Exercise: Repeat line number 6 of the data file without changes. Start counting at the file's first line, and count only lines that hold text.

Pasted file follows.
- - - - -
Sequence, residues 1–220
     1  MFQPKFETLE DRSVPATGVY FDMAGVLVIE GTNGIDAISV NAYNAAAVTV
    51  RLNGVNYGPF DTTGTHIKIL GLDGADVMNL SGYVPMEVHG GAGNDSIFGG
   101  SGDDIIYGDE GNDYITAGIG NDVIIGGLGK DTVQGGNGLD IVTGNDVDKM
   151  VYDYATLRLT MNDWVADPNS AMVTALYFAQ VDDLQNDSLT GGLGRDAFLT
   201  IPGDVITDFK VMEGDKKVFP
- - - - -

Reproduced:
   201  IPGDVITDFK VMEGDKKVFP